I also do not sit at my desk anymore. Every hour or two, I’ll get up and walk, do your exercises, for about 10 – 15 minutes during the workday. The sitting all day at the desk is what got me in trouble in the first place.

    My question to you is, with all that above, I still experience some aches in the knees, especially when seated at my desk. When working out, they feel great, but when sitting still, they ache.

    In addition, now knees pop when ever I go from a seated position, to standing up. It’s not painful, but it’s getting annoying.

    What do you recommend. Will this go away in time? Is it time to see the doctor? Thanks so much for this article, you’ve made the difference for me! Any help you can give me is greatly appreciated!

    • Martin Koban says

      That’s a great story. “Luckily I injured myself” … I don’t know if that was bad luck or good luck, either way, you made the best of it!

      As for the remaining issues:

      The popping sensations require a bit of experimentation to get rid of. Here are a few things you can try:

      Work on squatting technique – sit back as far as possible and keep your shins vertical, with your knees tracking over your second or third toe. You should feel like you’re almost falling backwards.

      This has helped my girlfriend mostly get rid of her popping knees and generally takes a lot of stress off the front of the knee.

      Keep doing the massages – foam roll or self-massage daily, with a focus on your quads, the outside of your thigh, and the inside of your thigh

      Do some quad stretching exercises, but be careful not to aggravate your knee with it. Here’s a link: http://www.fix-knee-pain.com/psoas-stretch/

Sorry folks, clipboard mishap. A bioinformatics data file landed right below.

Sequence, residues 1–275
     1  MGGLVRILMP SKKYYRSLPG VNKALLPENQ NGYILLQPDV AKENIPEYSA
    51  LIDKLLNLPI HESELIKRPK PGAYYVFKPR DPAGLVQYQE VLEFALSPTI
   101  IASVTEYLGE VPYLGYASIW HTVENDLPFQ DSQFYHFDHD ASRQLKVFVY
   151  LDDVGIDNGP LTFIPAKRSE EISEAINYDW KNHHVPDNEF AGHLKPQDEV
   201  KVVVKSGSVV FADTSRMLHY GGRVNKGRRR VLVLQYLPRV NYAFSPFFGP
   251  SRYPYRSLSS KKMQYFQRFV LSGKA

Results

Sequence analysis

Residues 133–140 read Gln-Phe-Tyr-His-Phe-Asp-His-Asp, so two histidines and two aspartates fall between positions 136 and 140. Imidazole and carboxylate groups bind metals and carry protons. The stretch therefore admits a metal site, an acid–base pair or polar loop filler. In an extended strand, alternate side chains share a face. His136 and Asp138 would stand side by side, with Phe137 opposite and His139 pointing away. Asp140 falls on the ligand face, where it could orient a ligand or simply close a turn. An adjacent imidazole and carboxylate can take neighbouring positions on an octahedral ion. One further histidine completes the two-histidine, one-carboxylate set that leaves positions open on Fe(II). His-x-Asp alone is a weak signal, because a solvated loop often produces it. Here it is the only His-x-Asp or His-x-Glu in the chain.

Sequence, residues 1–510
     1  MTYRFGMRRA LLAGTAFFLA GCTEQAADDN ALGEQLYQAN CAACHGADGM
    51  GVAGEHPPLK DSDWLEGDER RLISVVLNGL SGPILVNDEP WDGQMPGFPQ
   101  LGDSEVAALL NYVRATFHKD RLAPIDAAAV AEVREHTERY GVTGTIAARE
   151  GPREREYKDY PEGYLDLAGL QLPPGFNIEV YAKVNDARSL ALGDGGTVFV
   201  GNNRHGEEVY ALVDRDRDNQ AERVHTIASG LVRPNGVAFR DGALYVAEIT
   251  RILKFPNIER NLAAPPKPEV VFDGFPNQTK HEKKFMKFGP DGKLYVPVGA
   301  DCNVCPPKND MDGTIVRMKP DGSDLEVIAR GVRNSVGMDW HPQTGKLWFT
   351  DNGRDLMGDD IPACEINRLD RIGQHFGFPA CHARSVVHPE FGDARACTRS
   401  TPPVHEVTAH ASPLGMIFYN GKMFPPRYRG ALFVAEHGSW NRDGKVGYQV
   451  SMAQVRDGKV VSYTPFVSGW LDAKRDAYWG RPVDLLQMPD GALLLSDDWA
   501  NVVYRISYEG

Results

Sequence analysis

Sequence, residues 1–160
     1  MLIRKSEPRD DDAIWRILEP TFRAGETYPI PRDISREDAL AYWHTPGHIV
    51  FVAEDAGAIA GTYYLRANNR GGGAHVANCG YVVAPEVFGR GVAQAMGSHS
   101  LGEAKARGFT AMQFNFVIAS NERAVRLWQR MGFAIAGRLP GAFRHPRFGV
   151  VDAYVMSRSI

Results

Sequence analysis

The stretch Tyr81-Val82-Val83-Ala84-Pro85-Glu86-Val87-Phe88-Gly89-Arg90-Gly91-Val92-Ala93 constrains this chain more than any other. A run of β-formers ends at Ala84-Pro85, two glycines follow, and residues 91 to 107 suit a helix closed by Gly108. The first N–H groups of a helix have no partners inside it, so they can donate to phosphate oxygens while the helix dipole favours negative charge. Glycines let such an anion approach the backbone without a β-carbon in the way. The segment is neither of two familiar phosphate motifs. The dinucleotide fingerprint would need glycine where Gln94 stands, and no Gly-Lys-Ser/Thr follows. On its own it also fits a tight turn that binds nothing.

Good luck and keep me posted about how it goes.

  4. Lara says

    Hi Martin!
    I got jumper’s knee a year ago ( I am a 16 year old high jumper so I do a lot of jumping and running during my training) ,back then I went to physical therapies and did static exercises for quads and after 4 month of not training my knee was fine but still very weak and I wasn’t really happy about doing no exercises at that time.
    This season wasn’t succesful for me because I was afraid that I would get the same injury again so I didn’t push my leg a 100%

    Somehow I started feeling the pain again during May and it got worse over period of 3-4 weeks of competitions so now I don’t train again .
    I would like to try your exercises but I wonder if I should push trough the pain?
    Do you have any advice about nutrition for healthy joints or something?
    Greeting from Croatia! :)

    • Martin Koban says

      Hi Lara,

      The isometric quad strengthening exercises are a great way to strengthen and heal the patellar tendon. You should get yourself a small notebook and put down daily pain scores on a scale of 1 to 10 (10 being the worst pain possible). Next, adapt your quad strengthening training to reduce pain over time.